Community governance—the idea that every member of the college participates in decisions—is ingrained into the lifestyle at Marlboro. Members of the community attend town hall meetings where they can vote on various initiatives from spending funds and what trails to restore to creating operation policies. 

Marlboro faculty Brad Heck said the community members wonder how the colleges will move forward together. Jakob Menendez / Beacon Staff

The deal with Emerson College left many Marlboro students and staff with unanswered questions—would Emerson allow for open participation like the Marlboro community was used to, or would the deal proceed behind closed doors? 

Heck said most individuals at the college learned of the deal Wednesday—a decision, he said, that affects Marlboro community members’ lives and the pedagogy and legacy of the college. 

“In a lot of ways the whole community governance process is antithetical to the process of finding a merger …  for obvious reasons, and I think for reasons that are probably to the benefit of all, the whole process has to have been relatively closed, which we’re not used to,” Heck said in an interview with The Beacon. “I think we’re not used to not having input, but we’re also not used to just not having this information.”

Since Quigley is considered a staff member, his position will be eliminated in July if the deal is finalized. He said he doesn’t know what he is going to do after his time at Marlboro. 

“Two things have driven me throughout my whole life: I want to be in a position where I can make a difference and I want to be in a position where I can learn something that enriches my life,” he said. 

In an attempt to convey the adaptability and flexibility of humans to Marlboro students, Quigley shared the story of when he interviewed for his position at the college. He moved from Bangkok, Thailand and interviewed in the middle of winter.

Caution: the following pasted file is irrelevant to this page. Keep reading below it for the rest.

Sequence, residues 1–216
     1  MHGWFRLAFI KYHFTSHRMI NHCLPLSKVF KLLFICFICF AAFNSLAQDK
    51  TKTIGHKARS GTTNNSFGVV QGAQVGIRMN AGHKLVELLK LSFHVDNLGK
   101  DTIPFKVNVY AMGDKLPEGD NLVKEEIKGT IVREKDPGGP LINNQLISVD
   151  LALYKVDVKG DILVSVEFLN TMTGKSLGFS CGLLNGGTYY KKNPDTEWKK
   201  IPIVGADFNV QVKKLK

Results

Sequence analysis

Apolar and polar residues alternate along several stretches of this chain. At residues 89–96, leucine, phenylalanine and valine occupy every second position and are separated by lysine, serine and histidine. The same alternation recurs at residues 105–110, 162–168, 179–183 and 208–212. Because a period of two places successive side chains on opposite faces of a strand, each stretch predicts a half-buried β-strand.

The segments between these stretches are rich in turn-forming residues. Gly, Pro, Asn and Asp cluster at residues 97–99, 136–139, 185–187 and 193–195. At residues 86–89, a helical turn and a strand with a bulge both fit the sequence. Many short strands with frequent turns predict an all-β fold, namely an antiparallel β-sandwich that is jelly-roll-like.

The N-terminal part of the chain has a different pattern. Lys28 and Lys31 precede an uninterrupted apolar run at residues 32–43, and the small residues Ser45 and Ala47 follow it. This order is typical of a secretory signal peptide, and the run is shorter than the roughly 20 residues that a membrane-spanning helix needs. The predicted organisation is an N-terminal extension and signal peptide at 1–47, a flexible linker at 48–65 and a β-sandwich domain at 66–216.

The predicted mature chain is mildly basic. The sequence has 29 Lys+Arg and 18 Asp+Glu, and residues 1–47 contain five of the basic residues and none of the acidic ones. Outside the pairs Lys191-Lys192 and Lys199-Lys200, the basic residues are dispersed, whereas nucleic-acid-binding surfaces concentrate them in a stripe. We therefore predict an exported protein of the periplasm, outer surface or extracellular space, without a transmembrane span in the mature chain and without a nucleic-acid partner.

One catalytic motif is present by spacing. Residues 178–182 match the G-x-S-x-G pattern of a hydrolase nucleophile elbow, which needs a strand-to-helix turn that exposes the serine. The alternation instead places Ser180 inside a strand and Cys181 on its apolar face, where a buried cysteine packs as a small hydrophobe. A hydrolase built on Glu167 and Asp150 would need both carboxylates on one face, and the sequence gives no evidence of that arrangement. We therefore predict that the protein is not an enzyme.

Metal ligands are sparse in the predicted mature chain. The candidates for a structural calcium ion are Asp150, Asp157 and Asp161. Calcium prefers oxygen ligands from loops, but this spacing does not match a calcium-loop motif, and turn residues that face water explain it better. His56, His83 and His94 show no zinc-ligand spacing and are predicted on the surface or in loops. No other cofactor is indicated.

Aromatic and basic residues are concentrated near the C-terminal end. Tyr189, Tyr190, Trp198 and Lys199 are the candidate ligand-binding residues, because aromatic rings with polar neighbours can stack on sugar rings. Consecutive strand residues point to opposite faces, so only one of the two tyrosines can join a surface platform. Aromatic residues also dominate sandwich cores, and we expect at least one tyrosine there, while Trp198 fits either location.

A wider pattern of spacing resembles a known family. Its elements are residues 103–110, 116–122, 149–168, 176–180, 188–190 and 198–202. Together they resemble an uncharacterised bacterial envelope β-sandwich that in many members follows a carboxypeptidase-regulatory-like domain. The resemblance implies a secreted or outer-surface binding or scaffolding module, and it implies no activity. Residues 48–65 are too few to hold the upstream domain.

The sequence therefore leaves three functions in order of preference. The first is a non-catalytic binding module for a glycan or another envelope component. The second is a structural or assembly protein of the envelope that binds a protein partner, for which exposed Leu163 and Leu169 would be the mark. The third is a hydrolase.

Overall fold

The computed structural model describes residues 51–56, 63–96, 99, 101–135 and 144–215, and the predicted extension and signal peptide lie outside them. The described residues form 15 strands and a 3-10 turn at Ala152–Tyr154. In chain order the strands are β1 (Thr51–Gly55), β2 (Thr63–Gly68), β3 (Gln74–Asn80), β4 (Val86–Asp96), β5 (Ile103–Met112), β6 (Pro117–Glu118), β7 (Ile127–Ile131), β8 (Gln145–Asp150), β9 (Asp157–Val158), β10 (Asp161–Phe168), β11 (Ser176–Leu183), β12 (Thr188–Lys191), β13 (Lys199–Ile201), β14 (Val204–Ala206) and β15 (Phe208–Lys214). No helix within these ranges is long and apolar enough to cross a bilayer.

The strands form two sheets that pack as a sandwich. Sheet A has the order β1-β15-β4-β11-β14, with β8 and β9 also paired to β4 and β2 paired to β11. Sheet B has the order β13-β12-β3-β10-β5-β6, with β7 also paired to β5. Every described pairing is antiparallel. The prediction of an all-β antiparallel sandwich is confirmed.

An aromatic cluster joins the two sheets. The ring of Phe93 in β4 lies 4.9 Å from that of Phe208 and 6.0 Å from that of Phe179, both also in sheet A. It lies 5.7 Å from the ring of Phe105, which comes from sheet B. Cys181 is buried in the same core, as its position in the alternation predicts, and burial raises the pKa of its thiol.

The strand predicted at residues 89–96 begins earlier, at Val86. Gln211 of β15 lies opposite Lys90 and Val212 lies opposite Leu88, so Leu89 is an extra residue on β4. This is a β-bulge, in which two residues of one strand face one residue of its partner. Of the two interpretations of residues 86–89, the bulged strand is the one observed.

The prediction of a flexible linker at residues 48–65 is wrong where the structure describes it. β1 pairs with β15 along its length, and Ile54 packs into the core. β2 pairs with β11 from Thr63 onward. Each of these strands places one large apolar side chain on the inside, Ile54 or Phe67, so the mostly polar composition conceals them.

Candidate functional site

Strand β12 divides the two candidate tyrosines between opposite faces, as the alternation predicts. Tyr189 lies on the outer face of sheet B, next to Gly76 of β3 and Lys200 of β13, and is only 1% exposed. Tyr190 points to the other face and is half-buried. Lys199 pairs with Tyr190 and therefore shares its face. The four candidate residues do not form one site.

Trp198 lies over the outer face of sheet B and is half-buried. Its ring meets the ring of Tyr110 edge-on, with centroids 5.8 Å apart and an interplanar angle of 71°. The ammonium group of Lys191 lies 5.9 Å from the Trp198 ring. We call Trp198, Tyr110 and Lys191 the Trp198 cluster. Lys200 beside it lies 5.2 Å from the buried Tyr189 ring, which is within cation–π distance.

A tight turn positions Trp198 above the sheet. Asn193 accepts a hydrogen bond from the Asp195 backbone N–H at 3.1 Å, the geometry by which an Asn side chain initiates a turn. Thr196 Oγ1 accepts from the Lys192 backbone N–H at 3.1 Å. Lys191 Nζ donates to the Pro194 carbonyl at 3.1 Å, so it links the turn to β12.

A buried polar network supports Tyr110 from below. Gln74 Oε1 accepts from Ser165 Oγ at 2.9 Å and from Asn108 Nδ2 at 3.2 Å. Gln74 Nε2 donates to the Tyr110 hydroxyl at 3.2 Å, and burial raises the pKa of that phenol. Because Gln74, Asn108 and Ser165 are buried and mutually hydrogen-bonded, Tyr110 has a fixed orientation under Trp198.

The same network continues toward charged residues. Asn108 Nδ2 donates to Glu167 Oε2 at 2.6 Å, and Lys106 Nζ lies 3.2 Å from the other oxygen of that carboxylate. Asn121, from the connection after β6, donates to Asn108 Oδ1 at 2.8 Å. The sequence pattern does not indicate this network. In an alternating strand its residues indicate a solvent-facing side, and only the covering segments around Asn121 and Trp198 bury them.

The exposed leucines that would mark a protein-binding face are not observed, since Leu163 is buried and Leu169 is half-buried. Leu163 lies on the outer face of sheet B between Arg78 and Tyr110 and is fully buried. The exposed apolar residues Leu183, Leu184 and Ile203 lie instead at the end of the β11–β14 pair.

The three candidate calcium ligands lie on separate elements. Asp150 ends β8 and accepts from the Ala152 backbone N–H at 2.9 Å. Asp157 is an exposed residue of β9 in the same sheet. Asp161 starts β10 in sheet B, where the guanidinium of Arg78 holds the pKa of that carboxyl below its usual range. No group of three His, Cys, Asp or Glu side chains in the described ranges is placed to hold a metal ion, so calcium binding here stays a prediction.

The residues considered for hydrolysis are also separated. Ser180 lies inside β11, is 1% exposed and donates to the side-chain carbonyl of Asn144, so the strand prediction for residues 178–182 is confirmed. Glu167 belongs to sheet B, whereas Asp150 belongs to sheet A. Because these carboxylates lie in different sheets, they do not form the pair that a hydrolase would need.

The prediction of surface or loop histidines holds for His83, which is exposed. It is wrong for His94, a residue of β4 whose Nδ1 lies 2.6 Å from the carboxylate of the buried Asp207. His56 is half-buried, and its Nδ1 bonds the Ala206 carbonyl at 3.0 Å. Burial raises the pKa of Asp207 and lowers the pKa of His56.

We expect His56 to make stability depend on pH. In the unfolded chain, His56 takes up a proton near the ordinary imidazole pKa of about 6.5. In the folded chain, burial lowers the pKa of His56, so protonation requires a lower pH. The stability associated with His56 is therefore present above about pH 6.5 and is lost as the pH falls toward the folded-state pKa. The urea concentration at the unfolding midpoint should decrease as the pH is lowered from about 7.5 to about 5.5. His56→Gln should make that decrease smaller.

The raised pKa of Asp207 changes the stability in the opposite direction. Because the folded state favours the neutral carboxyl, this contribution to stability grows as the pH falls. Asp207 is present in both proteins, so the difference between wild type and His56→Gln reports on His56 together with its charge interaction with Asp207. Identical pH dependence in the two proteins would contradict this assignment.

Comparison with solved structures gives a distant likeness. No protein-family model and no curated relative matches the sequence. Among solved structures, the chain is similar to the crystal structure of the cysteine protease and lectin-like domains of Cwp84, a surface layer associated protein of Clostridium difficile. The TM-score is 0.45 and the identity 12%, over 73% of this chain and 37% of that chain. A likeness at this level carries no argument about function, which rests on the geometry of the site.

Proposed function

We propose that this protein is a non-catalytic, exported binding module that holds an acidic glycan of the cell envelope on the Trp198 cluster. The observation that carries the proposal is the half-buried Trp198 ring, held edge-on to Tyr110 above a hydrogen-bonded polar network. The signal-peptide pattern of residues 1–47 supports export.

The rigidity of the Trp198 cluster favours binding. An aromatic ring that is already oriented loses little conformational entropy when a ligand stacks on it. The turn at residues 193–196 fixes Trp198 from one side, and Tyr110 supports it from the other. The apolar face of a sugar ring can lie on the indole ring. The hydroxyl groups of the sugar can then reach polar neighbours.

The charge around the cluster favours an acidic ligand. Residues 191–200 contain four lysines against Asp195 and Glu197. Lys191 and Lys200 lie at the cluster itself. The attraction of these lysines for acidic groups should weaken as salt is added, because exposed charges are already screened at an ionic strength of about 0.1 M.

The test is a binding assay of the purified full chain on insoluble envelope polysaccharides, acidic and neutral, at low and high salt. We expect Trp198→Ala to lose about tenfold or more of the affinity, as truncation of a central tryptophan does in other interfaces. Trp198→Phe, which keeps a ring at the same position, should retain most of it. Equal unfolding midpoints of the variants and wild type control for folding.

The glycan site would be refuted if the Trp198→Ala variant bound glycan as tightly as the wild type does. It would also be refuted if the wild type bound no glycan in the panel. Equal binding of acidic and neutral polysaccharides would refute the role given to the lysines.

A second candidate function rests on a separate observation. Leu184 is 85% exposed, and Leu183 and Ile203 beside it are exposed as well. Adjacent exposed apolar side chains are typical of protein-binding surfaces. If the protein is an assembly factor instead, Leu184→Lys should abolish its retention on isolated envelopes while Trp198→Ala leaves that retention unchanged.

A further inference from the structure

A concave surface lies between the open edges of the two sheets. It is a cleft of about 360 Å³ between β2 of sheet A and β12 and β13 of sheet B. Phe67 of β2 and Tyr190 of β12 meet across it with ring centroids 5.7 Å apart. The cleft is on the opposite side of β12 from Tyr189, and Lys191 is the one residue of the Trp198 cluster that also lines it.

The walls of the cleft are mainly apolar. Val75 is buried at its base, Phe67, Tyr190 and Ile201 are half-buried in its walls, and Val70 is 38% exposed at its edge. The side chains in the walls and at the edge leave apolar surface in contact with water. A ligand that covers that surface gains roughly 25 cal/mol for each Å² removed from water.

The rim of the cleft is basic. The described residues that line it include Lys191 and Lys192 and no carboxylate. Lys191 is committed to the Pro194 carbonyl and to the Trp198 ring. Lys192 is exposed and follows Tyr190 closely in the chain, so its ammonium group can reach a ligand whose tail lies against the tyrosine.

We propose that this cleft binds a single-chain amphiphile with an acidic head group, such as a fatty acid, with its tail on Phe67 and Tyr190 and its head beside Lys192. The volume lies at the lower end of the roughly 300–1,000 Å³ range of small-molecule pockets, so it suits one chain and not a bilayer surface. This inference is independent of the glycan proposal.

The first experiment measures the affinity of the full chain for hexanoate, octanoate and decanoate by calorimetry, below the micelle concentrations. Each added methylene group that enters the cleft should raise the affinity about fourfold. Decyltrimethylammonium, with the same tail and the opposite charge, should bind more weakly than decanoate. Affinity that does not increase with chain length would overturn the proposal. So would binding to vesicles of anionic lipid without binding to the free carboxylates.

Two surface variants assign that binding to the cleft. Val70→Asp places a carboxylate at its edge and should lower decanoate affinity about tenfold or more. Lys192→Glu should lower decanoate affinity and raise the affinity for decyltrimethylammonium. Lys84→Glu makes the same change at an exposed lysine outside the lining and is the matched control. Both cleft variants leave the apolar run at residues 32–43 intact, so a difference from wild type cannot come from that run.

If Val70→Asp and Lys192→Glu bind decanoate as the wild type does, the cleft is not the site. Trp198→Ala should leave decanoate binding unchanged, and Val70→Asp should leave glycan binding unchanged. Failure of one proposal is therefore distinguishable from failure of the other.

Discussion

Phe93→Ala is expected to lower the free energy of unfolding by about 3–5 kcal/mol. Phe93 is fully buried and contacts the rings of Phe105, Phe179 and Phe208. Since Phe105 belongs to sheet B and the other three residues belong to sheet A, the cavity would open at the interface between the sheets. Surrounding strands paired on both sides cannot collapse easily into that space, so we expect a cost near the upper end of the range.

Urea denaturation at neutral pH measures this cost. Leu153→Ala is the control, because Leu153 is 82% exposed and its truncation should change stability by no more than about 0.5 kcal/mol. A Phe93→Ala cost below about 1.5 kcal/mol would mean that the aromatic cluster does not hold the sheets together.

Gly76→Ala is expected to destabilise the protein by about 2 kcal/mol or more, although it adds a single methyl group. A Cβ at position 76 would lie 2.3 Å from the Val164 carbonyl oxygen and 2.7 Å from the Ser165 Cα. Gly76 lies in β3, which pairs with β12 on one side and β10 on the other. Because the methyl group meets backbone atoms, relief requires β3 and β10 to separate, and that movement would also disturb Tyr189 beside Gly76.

“In 48 hours, I experienced a 100-degree temperature change and part of the interview process was I went out to our outdoor program with a group of faculty and staff and students and they said ‘you have a choice, snowshoes or cross-country skis,'” he said. 

Heck, for his part, is not on the tenure track. Rather, Marlboro classifies him as a visiting professor, as no tenure track exists in film and video. The professor teaches two to three classes a semester and will have eight tutorials and two classes in the spring. 

A documentary filmmaker when he isn’t working, Heck said he doesn’t know what the future holds for him. 

“I mean, I also make documentary films so I might just focus on that more, but I really love teaching here,” he said as he walked between the white clapboard buildings that make up the Vermont campus.  

Students at the college are faced with a difficult decision—whether they should venture to Boston to attend Emerson or look at transferring to other institutions. 

Marlboro student Cedar Van Tassel plays soccer with friends at Marlboro College. Jakob Menendez / Beacon Staff

Junior Cedar Van Tassel moved to Marlboro for college after receiving a full-tuition scholarship. His studies focus on ecology and sculpture art and he said he’s particularly interested in where humans and the environment intersect and how they interact with each other. 

In an interview, he said he is wary about moving to Emerson.

“I’m in sort of a weird situation because they don’t teach ecology really at Emerson and they don’t really teach sculpture at Emerson either,” he said. “I have no idea what I’m going to do.”

Van Tassel said it would be hard for him to leave Marlboro’s campus because of all the natural land there.

“There are a lot of people who are into theater and video production who I’m sure will pretty seamlessly move over who don’t really care about the woods and the land,” he said. “I think that it’s a very good deal for people and it seems like the communities are pretty similar. I’m just not personally sure how things that I study are going to actually work out.”

Tobias Lyon-Callo said he expected the school’s closure but hoped he would have more time on the campus. Lyon-Callo said he is unsure about transferring to Emerson.

“I want to figure out more about Emerson before I make any decisions,” he said. “It’s a big change, it’s a big commitment to go from the middle of Vermont to Boston. But, I don’t know, I think I might not. The best-case scenario would be if I could take a year and decide, but I don’t know if that’s going to be a possibility.”

Griffin, the Marlboro senior, said if she was an undergraduate she wouldn’t make the switch to Emerson—a big part of why she chose Marlboro was because of the unique nature of the campus. 

“When I walked into the dining hall I was like ‘this feels like home,’” she said. “I think that’s exactly how a lot of other people feel and it’s hard to reckon what we will be without this place.”